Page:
This hike follows a section of the Morris Canal, which connected the Hudson and Delaware Rivers via a route that traversed Morris County. When it was opened in 1831, the canal was considered an engineering marvel. It used 23 locks and 23 inclined planes to ascend from sea level to the 914-foot-high Lake Hopatcong and then descend to the Delaware River. Railroads made the canal obsolete, and...
This hike follows a section of the Morris Canal, which connected the Hudson and Delaware Rivers via a route that traversed Morris County. When it was opened in 1831, the canal was considered an engineering marvel. It used 23 locks and 23 inclined planes to ascend from sea level to the 914-foot-high Lake Hopatcong and then descend to the Delaware River. Railroads made the canal obsolete, and much of the canal was obliterated when it was abandoned in 1924.
Begin the hike by proceeding ahead along the long, narrow parking area, which is actually a filled-in section of the old Morris Canal. Soon, you will reach a section of the canal that has been restored. Signs along the towpath relate the history of the canal and include a map of the canal in Wharton. Continue ahead on the canal towpath, with the Rockaway River below on the right. As you walk along, look up at the hillside across the canal and note the extensive stone retaining wall. This wall was built to support the tracks of the Central Railroad of New Jersey’s High Bridge Branch. The railroad was abandoned many years ago, and this section of the roadbed has been converted to a hiking trail and will be your return route.
Soon, you’ll reach Lock 2 East of the Morris Canal. When the canal was abandoned in 1924, the lock was buried in debris, but it has since been restored. Most of the stone used to reconstruct the lock is original. The Lock Tender's House (occupied as late as the 1970s and restored in 2022) is across the canal.
Continue ahead on the grassy towpath. The wetland on your left formerly served as a basin for the canal. A short distance beyond, the canal towpath ends at a cinder slope. Climb the path leading up the slope to the railbed of the abandoned Lake Hopatcong Railroad, a subsidiary of the Central Railroad of New Jersey. The scrap-metal yard west of the railroad has obliterated the remains of the canal in this area (before it was abandoned, this was the site of Inclined Plane 4 East of the canal).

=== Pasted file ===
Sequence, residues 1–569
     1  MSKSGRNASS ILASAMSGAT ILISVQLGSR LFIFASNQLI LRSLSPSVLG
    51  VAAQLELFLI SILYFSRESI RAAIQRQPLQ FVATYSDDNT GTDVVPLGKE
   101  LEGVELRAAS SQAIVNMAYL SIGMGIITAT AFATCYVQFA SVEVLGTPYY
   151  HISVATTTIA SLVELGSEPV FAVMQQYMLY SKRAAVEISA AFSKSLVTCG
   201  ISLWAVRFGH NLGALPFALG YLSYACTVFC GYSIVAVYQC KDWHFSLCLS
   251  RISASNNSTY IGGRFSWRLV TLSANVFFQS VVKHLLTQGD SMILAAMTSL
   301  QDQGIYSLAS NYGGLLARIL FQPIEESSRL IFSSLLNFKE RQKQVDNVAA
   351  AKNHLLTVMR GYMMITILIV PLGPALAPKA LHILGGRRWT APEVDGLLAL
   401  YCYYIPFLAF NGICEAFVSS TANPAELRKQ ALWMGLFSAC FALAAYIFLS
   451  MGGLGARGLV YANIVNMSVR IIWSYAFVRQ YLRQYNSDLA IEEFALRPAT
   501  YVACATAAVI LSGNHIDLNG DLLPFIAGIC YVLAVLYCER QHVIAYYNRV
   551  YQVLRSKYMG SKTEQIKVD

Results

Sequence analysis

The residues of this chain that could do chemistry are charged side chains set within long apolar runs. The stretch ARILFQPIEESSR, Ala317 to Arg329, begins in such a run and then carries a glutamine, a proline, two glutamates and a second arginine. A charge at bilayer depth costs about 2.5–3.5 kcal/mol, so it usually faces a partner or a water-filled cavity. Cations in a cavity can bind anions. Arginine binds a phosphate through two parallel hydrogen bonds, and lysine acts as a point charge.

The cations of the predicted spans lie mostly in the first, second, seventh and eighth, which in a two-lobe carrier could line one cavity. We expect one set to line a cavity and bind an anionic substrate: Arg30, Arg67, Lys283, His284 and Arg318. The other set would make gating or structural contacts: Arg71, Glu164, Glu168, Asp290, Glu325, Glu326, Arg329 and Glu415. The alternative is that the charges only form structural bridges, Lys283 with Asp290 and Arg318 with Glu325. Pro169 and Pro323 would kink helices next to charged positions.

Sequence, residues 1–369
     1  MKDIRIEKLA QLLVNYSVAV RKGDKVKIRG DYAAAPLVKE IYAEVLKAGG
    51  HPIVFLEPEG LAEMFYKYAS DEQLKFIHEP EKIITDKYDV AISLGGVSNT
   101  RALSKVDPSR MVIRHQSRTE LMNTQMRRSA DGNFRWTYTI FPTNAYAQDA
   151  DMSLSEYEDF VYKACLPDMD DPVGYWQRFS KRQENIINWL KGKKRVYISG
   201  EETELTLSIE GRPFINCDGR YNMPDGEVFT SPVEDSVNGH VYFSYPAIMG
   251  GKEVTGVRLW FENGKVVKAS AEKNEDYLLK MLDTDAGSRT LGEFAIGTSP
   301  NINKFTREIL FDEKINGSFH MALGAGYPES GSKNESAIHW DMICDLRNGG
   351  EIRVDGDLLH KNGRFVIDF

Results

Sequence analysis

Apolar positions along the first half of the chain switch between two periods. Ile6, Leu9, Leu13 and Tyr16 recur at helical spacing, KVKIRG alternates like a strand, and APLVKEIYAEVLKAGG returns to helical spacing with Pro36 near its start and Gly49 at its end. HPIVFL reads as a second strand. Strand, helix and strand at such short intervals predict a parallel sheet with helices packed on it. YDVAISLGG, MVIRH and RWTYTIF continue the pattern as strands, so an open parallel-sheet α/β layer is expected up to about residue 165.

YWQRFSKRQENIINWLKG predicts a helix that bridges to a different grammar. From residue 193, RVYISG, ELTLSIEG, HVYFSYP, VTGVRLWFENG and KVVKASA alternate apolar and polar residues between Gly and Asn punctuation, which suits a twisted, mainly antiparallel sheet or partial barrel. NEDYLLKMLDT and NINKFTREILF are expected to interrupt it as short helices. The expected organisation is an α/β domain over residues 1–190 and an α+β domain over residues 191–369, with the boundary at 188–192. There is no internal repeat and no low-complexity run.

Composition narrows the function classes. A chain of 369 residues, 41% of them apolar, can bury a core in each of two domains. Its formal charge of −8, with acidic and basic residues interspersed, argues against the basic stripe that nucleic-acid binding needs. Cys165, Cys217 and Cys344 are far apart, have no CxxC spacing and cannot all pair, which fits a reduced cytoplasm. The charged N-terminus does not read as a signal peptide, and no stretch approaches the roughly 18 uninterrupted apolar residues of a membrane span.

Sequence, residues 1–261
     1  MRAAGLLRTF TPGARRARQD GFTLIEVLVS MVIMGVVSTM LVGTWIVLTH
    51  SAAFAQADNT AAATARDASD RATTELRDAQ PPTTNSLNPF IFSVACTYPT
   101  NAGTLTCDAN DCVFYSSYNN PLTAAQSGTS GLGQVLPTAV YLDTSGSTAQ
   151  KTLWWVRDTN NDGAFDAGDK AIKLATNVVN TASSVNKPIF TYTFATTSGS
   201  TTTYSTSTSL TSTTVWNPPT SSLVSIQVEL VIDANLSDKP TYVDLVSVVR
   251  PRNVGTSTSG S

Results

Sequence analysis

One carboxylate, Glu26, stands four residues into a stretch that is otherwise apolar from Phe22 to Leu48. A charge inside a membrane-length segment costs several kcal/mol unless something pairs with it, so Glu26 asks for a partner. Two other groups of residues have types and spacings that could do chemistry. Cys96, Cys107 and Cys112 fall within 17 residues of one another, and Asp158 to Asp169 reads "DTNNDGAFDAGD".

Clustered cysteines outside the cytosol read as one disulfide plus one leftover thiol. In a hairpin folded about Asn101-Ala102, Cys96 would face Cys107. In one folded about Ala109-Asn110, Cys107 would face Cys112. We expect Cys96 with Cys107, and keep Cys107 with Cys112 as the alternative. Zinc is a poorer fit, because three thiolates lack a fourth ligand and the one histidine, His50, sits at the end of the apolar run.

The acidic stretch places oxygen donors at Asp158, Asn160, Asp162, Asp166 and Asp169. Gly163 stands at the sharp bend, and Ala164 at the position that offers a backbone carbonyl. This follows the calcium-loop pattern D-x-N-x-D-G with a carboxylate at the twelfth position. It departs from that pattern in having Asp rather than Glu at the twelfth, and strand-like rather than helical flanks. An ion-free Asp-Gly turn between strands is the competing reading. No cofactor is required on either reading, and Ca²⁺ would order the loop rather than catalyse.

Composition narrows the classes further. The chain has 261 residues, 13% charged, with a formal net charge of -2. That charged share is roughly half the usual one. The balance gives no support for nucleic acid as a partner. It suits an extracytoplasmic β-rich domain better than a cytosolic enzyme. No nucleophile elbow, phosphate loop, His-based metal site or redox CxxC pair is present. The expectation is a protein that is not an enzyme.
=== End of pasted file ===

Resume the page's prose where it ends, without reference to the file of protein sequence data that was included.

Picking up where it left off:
Turn left and follow the railbed. In a short distance, bear left at a fork and follow this branch of the railbed as it curves to the left. Just ahead, you begin to follow the former High Bridge Branch of the Central Railroad of New Jersey.
The right-of-way now emerges onto the power line clearing, with the former canal basin below on the left and the canal itself beyond. From this high vantage point, you can get a good view of the Lock Tender's House and Lock 2 East. Beyond the clearing, the right-of-way enters a wooded area, with an attractive forested slope on the right, and the canal and towpath below. This is a particularly beautiful section of the hike.
Towards the eastern end of the parking area, the railbed ends as it approaches a home which has been built on the right-of-way. Bear left and follow a wide gravel path which descends to the parking area where the hike began.Publication: Submitted by Daniel Chazin on 06/13/2013 updated/verified on 08/23/2022
This loop hike parallels a restored section of the historic Morris Canal and returns on the embankment of an abandoned railroad.
Whether you are going for a day hike or backpacking overnight, it is good practice to carry what we call The Hiking Essentials. These essentials will help you enjoy your outing more and will provide basic safety gear if needed. There may also be more essentials, depending on the season and your needs.
Hiking Shoes or Boots
Water - Two quarts per person is recommended in every season. Keep in mind that fluid loss is heightened in winter as well as summer. Don't put yourself in the position of having to end your hike early because you have run out of water.
Map - Know where you are and where you are going. Many of our hiking areas feature interconnecting network of trails. Use a waterproof/tear-resistant Tyvek Trail Conference map if available or enclose your map in a Ziplock plastic bag. If you have a mobile device, download Avenza’s free PDF Maps app and grab some GPS-enhanced Trail Conference maps (a backup Tyvek or paper version of the map is good to have just in case your batteries die or you don't have service). Check out some map-reading basics here.
Food - Snacks/lunch will keep you going as you burn energy walking or climbing. Nuts, seeds, and chocolate are favorites on the trail.
Sunscreen and insect repellent